A week after the 10th anniversary of 9/11, architect Daniel Libeskind told a Rutgers audience how his master plan for the former World Trade Center site and his design for the Jewish Museum Berlin aimed to fill the voids left by the almost unimaginable loss of life.
The Polish-born son of Holocaust survivors spoke on Sept. 18 at “Memory, Monuments, and Museums: Remembering 9/11 and the Holocaust,” sponsored by the university’s Allen and Joan Bildner Center for the Study of Jewish Life. Libeskind was joined in the discussion by James E. Young, professor of English and Judaic studies at the University of Massachusetts-Amherst and an authority on public memorials.
Libeskind expounded on how he transmitted human tragedy into the designs for Ground Zero as well as the Jewish Museum Berlin, which was completed in 1999.
“After the Shoa, the Holocaust, the world changed,” Libeskind told the crowd of about 400 gathered in the Douglass College Center in New Brunswick. “We all talk about how the world changed after 9/11, but the world changed after the gas chambers because of the destruction of Jews in Europe.”
The program kicked off a new “Art in the Public Space” series for the Bildner Center, said its director, Yael Zerubavel.
In introducing the speakers, Barbara Littman of Highland Park, who helped underwrite the program with her husband, Leonard, said she had suggested “Memory, Monuments, and Museums” because architects help “to create common spaces for memory.”
Young said Libeskind’s “ deconstructionist” architecture for the Berlin museum — a jagged, “broken” interpretation of rectangular forms and a star of David — was ideally suited to depict “the terrible breach” of humanity that was the Holocaust.
Young said Libeskind’s vision also lent itself to the Ground Zero site, which, in Libeskind’s original conception, called for a 1,776-foot “Freedom Tower,” a memorial with waterfalls, an underground museum, a visitors’ center, retail space, a transit hub, and four additional office towers.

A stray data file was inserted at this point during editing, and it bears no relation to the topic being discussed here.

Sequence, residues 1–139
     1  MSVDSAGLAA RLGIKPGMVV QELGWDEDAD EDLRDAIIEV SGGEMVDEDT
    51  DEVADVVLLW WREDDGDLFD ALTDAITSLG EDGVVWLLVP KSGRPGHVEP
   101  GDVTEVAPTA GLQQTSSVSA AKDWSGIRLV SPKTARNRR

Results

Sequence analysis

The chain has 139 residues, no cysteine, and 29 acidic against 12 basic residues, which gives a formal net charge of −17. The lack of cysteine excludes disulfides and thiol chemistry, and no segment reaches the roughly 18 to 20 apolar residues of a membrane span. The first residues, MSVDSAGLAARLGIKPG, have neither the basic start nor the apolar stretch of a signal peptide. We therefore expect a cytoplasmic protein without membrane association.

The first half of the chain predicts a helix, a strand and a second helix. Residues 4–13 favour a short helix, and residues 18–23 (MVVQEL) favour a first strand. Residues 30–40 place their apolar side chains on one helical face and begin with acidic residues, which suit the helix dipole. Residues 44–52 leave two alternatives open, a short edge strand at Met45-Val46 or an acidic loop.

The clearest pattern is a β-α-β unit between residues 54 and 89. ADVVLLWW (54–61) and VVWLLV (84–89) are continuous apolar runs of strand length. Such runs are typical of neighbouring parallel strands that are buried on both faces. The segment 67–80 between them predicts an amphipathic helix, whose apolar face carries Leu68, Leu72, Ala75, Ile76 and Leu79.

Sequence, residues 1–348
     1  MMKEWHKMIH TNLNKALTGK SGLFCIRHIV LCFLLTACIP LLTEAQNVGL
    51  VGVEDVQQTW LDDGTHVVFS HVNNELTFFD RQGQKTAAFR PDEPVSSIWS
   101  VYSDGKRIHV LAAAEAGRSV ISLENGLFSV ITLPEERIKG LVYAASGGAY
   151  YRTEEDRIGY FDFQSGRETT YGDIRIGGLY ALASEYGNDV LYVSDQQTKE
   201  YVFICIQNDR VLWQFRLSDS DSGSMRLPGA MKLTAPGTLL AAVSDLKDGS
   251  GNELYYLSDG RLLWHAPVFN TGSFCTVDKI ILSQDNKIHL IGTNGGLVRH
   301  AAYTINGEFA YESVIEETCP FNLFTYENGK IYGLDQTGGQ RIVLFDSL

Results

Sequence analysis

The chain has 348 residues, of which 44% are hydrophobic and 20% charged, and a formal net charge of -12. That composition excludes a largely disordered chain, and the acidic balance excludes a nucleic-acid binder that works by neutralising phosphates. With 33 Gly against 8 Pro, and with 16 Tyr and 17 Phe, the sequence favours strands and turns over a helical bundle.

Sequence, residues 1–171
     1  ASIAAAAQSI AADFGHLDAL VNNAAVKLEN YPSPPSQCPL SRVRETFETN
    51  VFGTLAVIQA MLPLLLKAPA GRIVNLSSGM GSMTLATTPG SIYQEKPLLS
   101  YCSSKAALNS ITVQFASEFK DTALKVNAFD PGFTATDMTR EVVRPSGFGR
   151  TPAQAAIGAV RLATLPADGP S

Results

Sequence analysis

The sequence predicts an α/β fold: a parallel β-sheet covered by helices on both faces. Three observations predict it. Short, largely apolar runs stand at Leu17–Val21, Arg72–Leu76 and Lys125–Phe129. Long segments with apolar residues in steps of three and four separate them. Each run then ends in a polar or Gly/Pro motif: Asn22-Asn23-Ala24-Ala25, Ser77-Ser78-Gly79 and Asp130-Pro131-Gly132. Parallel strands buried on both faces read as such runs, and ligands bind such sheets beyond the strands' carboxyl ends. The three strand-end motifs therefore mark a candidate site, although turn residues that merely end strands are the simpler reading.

Young recalled being taken aback by one of the first questions asked by a journalist after the plans were unveiled: “Isn’t this another Holocaust memorial?”
‘Sense of intimacy’
Libeskind said such structures reflect his “humanistic values” through architecture and have the ability to form how the world views these tragedies.
He described the designs as being like “a human heart” whose sense of loss is reflected in steel and concrete. His plan for the Berlin museum, he said, paid homage to composer Arnold Schoenberg, who fled Berlin for the United States after Hitler came to power.
Libeskind, who was an award-winning pianist before becoming an architect, said he viewed the history of Berlin’s Jewish community as a piece of Schoenberg’s unfinished music.
Likewise, Libeskind’s vision for the World Trade Center site also contained a void representing lives lost. Its two large public places were meant to convey a feeling of “sacred space” that would serve as a “public piazza” speaking to the multitudes living, working, or passing through lower Manhattan and “creating something positive without cheapening the memory.”
Libeskind’s original vision for the Manhattan area underwent numerous changes after it was unveiled in 2003, and he battled publicly with the Port Authority of New York and New Jersey, which owns the site. Still, he worked with other winning designers of various parts of the site, including Michael Arad, the Israeli-born architect who designed the “Reflecting Absence” memorial around two deep pools in the footprint of the fallen towers.
In the end, the completed area will encompass many components of Libeskind’s original design, including the exposed concrete “slurry wall” from the original towers’ foundations and the flowing waterfalls that muffle the cacophony of Manhattan.
“You will be able to talk and laugh with the person next to you,” he explained. “I thought it was important to be able to create a sense of intimacy in New York City.”